Group £’000s

Cost

 

 

Carried forward balance 31 March 2018

 

69,955

Impairment Cake Decoration

 

(18,675)

Disposal of Real Good Food Ingredients

 

(905)

Carried forward balance 31 March 2019

 

50,375

 

 

 

 

31 March 2019

£’000s

31 March 2019

£’000s

Real Good Food Ingredients (formerly Garrett Ingredients)

-

905

Cake Decoration

45,344

64,019

Brighter Foods

5,031

5,031

Carried forward

50,375

69,955

         

 

Assumptions:

The Group tests goodwill annually for impairment, or more frequently if there are indications that goodwill may be impaired. The recoverable amount of any cash generating unit is determined based on the higher of fair value less costs of disposal and value-in-use calculations. The cashflows used in the value-in-use calculation are EBITDA (adjusted) performance less capital expenditure based on the latest Board approved forecasts in respect of the following three years.

 

Long-term growth rate assumptions:

For the purposes of impairment testing, the cashflows are extrapolated over 5 years with a terminal value applied to the fifth year. The

terminal value is calculated using the fifth year forecasted EBITDA (adjusted) performance and applying a 2% growth rate.

 

Discount rate assumptions:

The discount rate applied to the cash flows is 10% (2018: 11%). This rate is in line with the Company's actual weighted average cost

of capital of 9.67% which takes account of the increased risk of being listed on AIM rather than the main market. It is representative of

businesses operating within the food sector.

 

Impairment charge:

The impairment review resulted in an impairment of the goodwill held for Cake Decoration of £18.7m (2018: impairment of £4.5m in

relation to Garrett Ingredients and Chantilly Patisserie). Cake Decoration is a core division for the Group and is currently in turnaround. The investments made in manufacturing capability in the last couple of years have not yet started to deliver the returns that could be expected, for example, and the Board believes that the current valuation, reflected here, necessarily and materially underplays the potential value of this division. Plans to improve the strategic positioning, service delivery and commercial performance of this business are also in progress.

Following the sale of the trade and assets of Garrett Ingredients Ltd, the £0.9m goodwill held in relation to this cash generating unit has

been written off, as the renamed entity Real Good Food Ingredients Ltd, is no longer a cash generating unit.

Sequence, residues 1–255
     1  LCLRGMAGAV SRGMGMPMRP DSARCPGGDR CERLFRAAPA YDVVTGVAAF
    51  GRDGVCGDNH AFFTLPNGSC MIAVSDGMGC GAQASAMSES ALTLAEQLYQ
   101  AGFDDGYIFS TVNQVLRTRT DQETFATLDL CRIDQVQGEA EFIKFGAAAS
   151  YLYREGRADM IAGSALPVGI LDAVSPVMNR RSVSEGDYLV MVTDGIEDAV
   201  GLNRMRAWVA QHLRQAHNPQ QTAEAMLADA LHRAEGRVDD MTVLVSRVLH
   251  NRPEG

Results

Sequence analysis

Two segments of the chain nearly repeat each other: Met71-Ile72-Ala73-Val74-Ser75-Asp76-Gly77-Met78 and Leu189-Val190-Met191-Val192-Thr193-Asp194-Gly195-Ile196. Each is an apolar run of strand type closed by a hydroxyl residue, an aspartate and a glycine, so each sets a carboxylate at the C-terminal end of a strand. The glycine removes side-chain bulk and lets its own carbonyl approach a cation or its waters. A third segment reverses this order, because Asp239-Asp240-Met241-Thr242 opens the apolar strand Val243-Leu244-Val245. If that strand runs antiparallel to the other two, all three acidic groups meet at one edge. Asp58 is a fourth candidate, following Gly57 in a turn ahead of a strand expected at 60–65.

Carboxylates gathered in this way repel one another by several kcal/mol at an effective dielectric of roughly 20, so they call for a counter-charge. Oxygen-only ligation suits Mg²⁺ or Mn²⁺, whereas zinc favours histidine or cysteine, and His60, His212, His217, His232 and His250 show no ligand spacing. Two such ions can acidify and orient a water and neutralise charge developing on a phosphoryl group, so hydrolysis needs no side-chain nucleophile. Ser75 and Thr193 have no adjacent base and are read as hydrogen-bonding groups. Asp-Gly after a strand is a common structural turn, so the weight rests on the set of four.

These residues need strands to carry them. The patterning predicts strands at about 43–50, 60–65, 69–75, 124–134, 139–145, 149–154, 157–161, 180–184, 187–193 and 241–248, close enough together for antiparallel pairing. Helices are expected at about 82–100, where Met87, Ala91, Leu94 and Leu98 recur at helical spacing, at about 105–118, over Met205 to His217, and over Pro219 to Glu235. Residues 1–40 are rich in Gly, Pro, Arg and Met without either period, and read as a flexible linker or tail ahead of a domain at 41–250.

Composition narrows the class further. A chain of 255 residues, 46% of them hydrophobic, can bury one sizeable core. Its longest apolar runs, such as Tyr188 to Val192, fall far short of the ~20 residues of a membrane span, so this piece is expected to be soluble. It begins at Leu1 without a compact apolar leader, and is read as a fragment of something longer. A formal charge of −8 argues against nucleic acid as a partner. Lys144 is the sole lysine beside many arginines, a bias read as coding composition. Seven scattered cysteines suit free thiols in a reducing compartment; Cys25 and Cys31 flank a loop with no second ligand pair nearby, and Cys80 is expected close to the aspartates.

Sensitivity analysis:

An illustration of the sensitivity to reasonable possible changes in the discount rate assumption or the long-term growth rate are shown

below:

An increase of 0.5% in the Group's weighted average cost of capital of 10% to 10.5% would cause a further impairment of £3.6 million on the carrying value of goodwill on Cake Decoration.

A reduction of 0.5% to the growth rate from 2.0% to 1.5% would cause an impairment of £2.8 million on the carrying value of goodwill on Cake Decoration.

 

The Board has considered these sensitivities and believe that, owing to trading expectations and a strong brand, the recoverable amount would support the value.

 

 

13. Post-year end activities

1.   On 30 May 2019, London Stock Exchange determined a public censure of the Company and a fine of £450,000, discounted to £300,000 for early settlement. The public censure related to breaches of the AIM Rules for Companies ("AIM Rules") 10, 13, 17, 19, 21 and 31 which occurred in the period to July 2017. The fine was settled in early June 2019.

2.   On the same day, the following Board changes were made:

•     The Interim Non-Executive Chairman, Patrick Ridgwell, retired from the Board, and Mike Holt, Independent Non-Executive Director, was appointed Non-Executive Chairman, relinquishing his role as Chair of the Audit Committee;

•     Judith MacKenzie, Non-Executive Director, was appointed as Chair of the Audit Committee, relinquishing her role as Chair of the Remuneration Committee;

•     Steve Dawson, Non-Executive Director, became Chair of the Remuneration Committee; and

•     Anthony Ridgwell, the principal beneficiary of Napier Brown's holding in the Company, joined the Board as a Non-Executive Director.

3.   On 15 July 2019, Maribeth Keeling was appointed as Chief Financial Officer.

4.   On 31 July 2019, Christopher Thomas, Non-Executive Deputy Chairman retired from the Board.

5.   On the 9 August 2019 the Shareholder Loans were extended to 17 May 2021.

 


This information is provided by RNS, the news service of the London Stock Exchange. RNS is approved by the Financial Conduct Authority to act as a Primary Information Provider in the United Kingdom. Terms and conditions relating to the use and distribution of this information may apply. For further information, please contact [email protected] or visit www.rns.com.
 
END
 
 
FR UVSKRKRAWAAR

Quick facts: Real Good Food PLC

Price: 6.05

Market: LSE
Market Cap: £6.02 m